Books: The Joy of Bootstrap
TV: Galavant [1x05-1x08]
The Joy of Bootstrap by Alan Forbes
This is a short book about Bootstrap, the web framework designed to make it easy to make web apps that look good on both desktop and mobile platforms.
The book isn't great. The accompanying web site is a little out of sync with the book, the exercises are basically just "here's a big used car web site -- try adding <x> to it", and the text is in need of a little copy-editing.
But all that said, the book does exactly what it promises: it explains how to work with Bootstrap. And given that I was just fumbling in the dark with this framework -- mostly copying other people's templates and hoping for the best -- this was incredibly helpful. The book reads like a more organized and competently-written version of the documentation, and it patiently takes you through all the main features of the framework, including some features like "media objects" which are (1) great, and (2) stunningly badly documented.
So I came away from this quick read more or less knowing my way around Bootstrap, knowledge I was immediately able to put into practice with my web design. To my own surprise, I highly recommend it, though, again, it's not a great book.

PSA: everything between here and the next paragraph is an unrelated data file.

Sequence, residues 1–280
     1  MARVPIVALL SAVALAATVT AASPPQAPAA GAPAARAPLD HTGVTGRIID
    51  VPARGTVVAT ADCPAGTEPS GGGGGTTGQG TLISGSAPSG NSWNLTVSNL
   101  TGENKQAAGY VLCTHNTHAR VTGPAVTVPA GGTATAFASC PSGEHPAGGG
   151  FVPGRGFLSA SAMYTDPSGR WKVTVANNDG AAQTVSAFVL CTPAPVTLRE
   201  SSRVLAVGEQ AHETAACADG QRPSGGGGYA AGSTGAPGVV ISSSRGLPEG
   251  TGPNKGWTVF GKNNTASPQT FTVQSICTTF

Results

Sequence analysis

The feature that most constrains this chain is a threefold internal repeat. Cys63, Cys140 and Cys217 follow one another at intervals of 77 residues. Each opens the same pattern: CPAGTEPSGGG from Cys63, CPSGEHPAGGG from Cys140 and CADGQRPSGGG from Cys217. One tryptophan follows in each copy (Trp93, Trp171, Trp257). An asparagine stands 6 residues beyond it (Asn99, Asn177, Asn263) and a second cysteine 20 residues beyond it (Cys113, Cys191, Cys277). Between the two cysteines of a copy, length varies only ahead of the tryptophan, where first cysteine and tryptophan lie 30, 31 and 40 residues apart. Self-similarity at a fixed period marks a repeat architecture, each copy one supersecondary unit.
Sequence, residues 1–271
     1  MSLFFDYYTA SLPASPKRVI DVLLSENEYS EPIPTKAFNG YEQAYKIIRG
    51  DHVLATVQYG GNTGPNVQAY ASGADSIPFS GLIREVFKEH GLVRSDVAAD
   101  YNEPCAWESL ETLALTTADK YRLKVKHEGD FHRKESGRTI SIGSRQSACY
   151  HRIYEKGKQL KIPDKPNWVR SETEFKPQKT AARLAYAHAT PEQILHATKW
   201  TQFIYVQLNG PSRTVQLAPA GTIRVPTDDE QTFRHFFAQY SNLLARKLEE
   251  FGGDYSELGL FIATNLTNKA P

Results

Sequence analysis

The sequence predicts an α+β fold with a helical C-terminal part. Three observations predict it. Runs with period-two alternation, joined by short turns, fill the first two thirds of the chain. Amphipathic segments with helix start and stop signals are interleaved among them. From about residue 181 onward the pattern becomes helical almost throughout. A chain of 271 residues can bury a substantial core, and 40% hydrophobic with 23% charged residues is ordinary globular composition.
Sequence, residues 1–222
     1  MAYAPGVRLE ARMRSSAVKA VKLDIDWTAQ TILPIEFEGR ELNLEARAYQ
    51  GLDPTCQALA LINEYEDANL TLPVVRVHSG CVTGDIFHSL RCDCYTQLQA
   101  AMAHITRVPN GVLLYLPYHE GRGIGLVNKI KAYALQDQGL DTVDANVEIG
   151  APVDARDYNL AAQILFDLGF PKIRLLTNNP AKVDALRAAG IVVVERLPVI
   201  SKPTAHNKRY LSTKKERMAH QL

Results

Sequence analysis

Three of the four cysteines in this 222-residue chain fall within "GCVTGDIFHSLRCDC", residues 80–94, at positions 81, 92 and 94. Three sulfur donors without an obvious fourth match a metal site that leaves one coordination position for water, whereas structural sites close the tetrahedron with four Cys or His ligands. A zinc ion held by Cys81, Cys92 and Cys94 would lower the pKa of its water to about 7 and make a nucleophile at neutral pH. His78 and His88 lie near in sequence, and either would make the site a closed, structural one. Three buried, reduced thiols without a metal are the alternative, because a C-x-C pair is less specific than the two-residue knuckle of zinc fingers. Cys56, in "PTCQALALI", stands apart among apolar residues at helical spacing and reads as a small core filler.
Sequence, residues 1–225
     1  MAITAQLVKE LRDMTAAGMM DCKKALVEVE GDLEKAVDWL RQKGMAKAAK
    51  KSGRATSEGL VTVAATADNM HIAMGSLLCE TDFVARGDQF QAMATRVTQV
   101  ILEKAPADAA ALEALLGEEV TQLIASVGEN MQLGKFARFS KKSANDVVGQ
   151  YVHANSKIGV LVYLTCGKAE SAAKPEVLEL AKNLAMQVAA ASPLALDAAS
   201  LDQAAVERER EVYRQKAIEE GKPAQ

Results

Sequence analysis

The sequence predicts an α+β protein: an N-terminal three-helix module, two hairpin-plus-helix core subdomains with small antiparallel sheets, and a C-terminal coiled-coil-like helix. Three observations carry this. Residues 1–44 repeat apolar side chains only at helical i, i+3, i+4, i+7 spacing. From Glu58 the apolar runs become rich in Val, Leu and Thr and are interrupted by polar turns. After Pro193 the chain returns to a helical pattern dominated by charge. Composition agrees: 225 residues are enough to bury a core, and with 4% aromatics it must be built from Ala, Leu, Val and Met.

This is the second half of the fantasy comedy musical series that somehow aired on ABC this year.
And to my happy surprise, the show started getting out of its own way. They eased off of the comedy game of "but this <x> was wacky and different!" ("these pirates lived on land!" "this joust doesn't involve any action!" "the black guy is from a Jewish shtetl!"). Instead, we only get one trip down that rabbithole, with Ricky Gervais playing a wizard who is actually more of a 60s-style psychedelics merchant.
But even that pretty much worked. In earlier cases, like the joust, say, they just removed what was central to that element (in this case, the action), and left the audience with nothing. The show just sat there, and you could sense the writers expecting to be patted on the head for being witty and transgressive. In this case, they didn't rip out the central trait of wizardry -- Gervais did indeed make something crazy and magical happen -- and instead of serving as a limp bit of "wackiness", the guest character gave us an excuse to explore character, as King Richard and the chef explored the king's history in flashbacks.
The rest of the time, they set aside their precious, self-congratulatory irony, and got on with the storytelling, which was very much to their credit. It was still very plotty, with a surprising number of moving parts for being a half-hour comedy, but you could still pretty much follow the action. Madalena wants to take over the kingdom -- okay! great! I can understand that! Galavant realizes he loves Isabella and fights to save her. Kingsley arrives to (also) take over the kingdom. Gareth tries desperately to obey the rules of his service, under increasing emotional strain. And Richard, through all this, just tries really hard to be liked, a task made difficult by the fact that he's a genocidal tyrant.